Believing in booleans



  • Here's an anti-pattern I've seen at every company I've worked for in the last 20 years, in C, C++, Java, C#, and python:


    if (myBoolean == true)
    {
    // do something
    }

    There is a variant:

    if (val > 200)
    {
    myBoolean = true;
    }
    else
    {
    myBoolean = false;
    }

    ...instead of

    myBoolean = (val > 20);

    Maybe I've got too much time on my hands, maybe I'm a crochety old SOB, but his bugs me.



  •  There's a hiring ad from some company here that goes along the lines of:

    (boolValue? true : false)

    Does code like this annoy you as well? Come talk to us!

    It's kind of cool.


  • Discourse touched me in a no-no place

    I've known people who do this. They actually think it's better because it makes what the code is doing more explicit.



  • While I like my code explicit, I don't like it making uneeded checks I know are already being done.  So I will wrap code in brackets when not always needed to clearly define the boundaries and also save myself from arbitraily adding lines that change logic later, but I won't check myValue == True.

    i.e.:

    if(isBlue)

    {

         //single line Do something;

    }



  • Another one I see a lot is:

    if (!isSomething) {
      // do stuff
    } else {
     // do other stuff
    }

    It's less readable. I usually invert it when I see it.



  • @morbiuswilters said:

    Another one I see a lot is:

    if (!isSomething) {
      // do stuff
    } else {
     // do other stuff
    }

    It's less readable. I usually invert it when I see it.

    This one is debatable:

    if(!isErrorCondition) {
        // do useful work
    } else {
        // clean up our mess
    }


  • I agree, don't invert your check, invert the choice instead.

    It is only natural to read the first part of an if statement as a "value is true" path.  The only time I deviate from this is if the false side is just a few lines when the true side is fairly large, just so the few lines of code don't get lost down below somewhere.

    Once again this is personal style, sytatically there is nothing wrong with it, but it just doesn't always feel right.



  • @pkmnfrk said:

    @morbiuswilters said:
    Another one I see a lot is:

    if (!isSomething) {
      // do stuff
    } else {
     // do other stuff
    }

    It's less readable. I usually invert it when I see it.

    This one is debatable:

    if(!isErrorCondition) {
        // do useful work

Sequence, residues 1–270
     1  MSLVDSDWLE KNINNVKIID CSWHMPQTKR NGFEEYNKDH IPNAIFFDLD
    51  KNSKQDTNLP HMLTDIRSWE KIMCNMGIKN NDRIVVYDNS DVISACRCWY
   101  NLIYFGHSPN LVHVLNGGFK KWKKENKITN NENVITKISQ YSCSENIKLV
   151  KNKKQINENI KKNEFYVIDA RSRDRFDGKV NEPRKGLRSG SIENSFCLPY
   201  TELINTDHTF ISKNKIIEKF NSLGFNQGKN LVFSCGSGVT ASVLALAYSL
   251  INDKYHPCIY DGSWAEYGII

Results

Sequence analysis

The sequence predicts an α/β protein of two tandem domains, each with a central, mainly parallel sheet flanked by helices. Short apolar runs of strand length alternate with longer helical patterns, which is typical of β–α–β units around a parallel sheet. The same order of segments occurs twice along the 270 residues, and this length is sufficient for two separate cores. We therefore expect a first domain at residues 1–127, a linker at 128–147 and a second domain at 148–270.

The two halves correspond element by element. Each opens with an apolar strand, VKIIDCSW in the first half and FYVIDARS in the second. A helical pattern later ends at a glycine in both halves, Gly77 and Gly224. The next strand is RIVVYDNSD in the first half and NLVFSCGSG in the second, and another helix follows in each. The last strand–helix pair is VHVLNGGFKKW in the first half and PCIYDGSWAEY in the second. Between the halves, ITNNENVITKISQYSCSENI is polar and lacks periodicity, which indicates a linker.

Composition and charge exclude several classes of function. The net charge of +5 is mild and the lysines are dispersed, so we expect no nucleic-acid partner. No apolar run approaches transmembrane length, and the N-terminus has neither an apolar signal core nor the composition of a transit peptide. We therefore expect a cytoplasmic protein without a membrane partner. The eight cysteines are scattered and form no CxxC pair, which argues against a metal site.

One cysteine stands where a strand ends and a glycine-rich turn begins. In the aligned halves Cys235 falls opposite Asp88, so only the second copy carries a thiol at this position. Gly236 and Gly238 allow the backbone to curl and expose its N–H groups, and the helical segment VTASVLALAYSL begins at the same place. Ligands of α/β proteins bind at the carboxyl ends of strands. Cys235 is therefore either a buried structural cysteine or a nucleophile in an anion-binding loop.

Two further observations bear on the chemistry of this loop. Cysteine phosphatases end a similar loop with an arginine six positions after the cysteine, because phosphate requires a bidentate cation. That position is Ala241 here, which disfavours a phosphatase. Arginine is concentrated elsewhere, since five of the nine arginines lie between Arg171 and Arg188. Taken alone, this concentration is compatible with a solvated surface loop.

} else {
        // clean up our mess
    }

     

    +1

     



  • @pkmnfrk said:

    @morbiuswilters said:
    Another one I see a lot is:

    if (!isSomething) {
      // do stuff
    } else {
     // do other stuff
    }

    It's less readable. I usually invert it when I see it.

    This one is debatable:

    if(!isErrorCondition) {
        // do useful work
    } else {
        // clean up our mess
    }

    Ugh, why? Assuming the error cleanup is what I think it is, I'd do:

    if (isErrorCondition) {
      // clean up our mess
      return;
    }
    
    // do useful work

    It's a lot easier to read and avoids unnecessary nesting.



  • @morbiuswilters said:

    @pkmnfrk said:
    @morbiuswilters said:
    Another one I see a lot is:
    if (!isSomething) {
    // do stuff
    } else {
    // do other stuff
    }

    It's less readable. I usually invert it when I see it.

    This one is debatable:

    if(!isErrorCondition) {
        // do useful work
    } else {
        // clean up our mess
    }
    Ugh, why? Assuming the error cleanup is what I think it is, I'd do:
    if (isErrorCondition) {
      // clean up our mess
      return;
    }
    

    // do useful work


    It's a lot easier to read and avoids unnecessary nesting.

    PK makes me think he is emulating a try catch pattern, why not just use try catch finally, unless your language doesn't have it?

    Morbs, yours leads me to think there may be other if(errorconditions) set up all through the function with multiple returns scattered therein, to me this is just another bad practice.



  • In a COBOL class I took long, long ago, the old fart teaching the class absolutely insisted that you never check for inequality, thus leading to idiotic constructs like this:

    if (something) {

         // do nothing

    }

    else {

         // do something

    }

    Hooray for zero-tolerance shop standards.



  • @KattMan said:

    Morbs, yours leads me to think there may be other if(errorconditions) set up all through the function with multiple returns scattered therein, to me this is just another bad practice.

    What? I never said anything about duplicating the error handling code. If you're referring to multiple returns being bad practice, then you are being straight-up retarded. "Quick, let's write all of our code as a deeply-nested tangle of ifs and elses just so we can have a single return! It's soooooo confusing when a function might return anywhere except at the very bottom!!" Seriously, that has to be the dumbest anti-pattern I have ever encountered.